Will robots take people’s places? We don’t have a clear answer to this question for now, but of course, it’s not wrong to say that robots have slowly started their moves on this path. Robot Spot, one of the robots developed by Boston Dynamics, is being tested by the Massachusetts State Police in the United States for use in search missions as a police dog.
In addition, Massachusetts State Police became the first security organization to actively use robots in their missions.
US Police will use Boston Dynamics’ Robot Spot for search missions.
In almost all countries’ police organizations; dogs and robots are included in their inventory to make things easier and help the cops. But now the police will also have dog robots.
Massachusetts State Police plans to deploy the robot spot at the bomb disposal unit. So they aim to reduce the risk to the police on bomb destruction to zero.
In order to test their success on such missions for 90 days, Spot was loaned from Boston Dynamics.
The documents created while renting are not given much detailed information about the use of the robot dog.
A state police spokesman said the Robot Spot would be used as a mobile remote monitoring device like other robots in the police force, to give officers images of suspicious devices and the hiding place of an armed attacker.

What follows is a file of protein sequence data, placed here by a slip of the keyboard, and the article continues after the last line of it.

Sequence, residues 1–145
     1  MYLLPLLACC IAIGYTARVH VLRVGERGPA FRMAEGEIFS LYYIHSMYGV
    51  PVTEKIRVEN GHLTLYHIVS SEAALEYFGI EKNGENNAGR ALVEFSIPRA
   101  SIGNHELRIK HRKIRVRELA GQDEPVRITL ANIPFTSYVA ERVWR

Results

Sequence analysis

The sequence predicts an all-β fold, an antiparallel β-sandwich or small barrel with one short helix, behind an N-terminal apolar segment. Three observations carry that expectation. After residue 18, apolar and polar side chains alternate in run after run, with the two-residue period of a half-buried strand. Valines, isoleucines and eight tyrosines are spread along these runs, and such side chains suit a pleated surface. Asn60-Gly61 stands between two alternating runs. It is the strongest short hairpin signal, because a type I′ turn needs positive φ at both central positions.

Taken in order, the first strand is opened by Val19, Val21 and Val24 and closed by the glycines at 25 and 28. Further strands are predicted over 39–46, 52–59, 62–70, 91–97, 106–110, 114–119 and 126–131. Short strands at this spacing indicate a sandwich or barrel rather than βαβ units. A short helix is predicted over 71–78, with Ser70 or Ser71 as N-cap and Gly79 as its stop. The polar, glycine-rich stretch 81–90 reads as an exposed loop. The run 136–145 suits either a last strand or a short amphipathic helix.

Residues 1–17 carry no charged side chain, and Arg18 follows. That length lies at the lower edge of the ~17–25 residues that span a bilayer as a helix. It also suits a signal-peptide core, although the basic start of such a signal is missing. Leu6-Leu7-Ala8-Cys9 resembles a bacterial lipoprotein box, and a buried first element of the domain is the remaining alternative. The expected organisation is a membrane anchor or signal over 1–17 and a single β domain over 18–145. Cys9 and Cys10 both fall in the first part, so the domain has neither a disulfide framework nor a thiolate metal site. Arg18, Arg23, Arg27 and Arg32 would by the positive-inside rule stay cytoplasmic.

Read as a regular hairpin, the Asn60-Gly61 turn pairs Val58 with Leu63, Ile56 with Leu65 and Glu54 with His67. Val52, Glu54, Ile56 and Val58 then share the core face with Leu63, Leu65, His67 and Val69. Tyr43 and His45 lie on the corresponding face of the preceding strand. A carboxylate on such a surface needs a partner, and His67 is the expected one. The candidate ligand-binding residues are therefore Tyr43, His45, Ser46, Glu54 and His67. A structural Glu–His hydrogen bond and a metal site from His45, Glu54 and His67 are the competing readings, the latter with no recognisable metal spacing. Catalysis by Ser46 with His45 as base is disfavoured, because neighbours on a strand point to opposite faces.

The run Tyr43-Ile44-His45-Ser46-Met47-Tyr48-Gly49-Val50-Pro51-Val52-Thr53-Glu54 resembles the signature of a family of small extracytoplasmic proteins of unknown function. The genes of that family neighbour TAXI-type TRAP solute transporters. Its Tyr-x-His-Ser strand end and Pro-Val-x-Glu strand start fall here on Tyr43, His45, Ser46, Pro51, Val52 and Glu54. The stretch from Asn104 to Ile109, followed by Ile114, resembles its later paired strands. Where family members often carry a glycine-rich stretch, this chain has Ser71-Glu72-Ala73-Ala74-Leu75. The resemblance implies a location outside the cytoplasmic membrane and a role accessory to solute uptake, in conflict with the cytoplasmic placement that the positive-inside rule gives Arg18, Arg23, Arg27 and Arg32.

Boston Dynamics vice president for business development Michael Perry says Spot wants different uses in many different sectors, including the oil-gas, construction and entertainment industries.
He stated that the police had foreseen that Spot should be sent to areas that are very dangerous for humans – a chemical leak, a suspected bomb or a hostage situation, and therefore the use of the police.
Will the Spot be armed?
It is a “general purpose” robot with a spot open-source API, a 360-degree low-light camera and an arm. This allows customers to use Spot in different areas in different ways. (As an operator in a police department or warehouse, etc.)
In other words, customers who purchase Spot can customize Spot with their own software. (Massachusetts State Police says they are not currently using this feature.)
For this reason, Robot Spot is currently under the pressure of the Civil Rights and Freedom Associations in the USA. Associations argue that the purpose of the robots to be used by police in the near future, including Spot, should be clearly stated. And they are right.
In these days when we wonder the answer to the question of whether artificial intelligence and robots are a threat to humanity, arming robots could make us painfully learn the answer to that question.
That’s why Boston Dynamics never wants the spot to be armed. Michael Perry states in his rental contracts that the robot has a clause that prevents it from being used “in a way that would physically harm or intimidate people.”
Recommended For You: Isaac Asimov’s Three Laws of Robotics.
In addition, the authorities in the police organization, as a response to the reaction of associations; assured the public that all robots in their inventories, including the spot, are not armed in any way.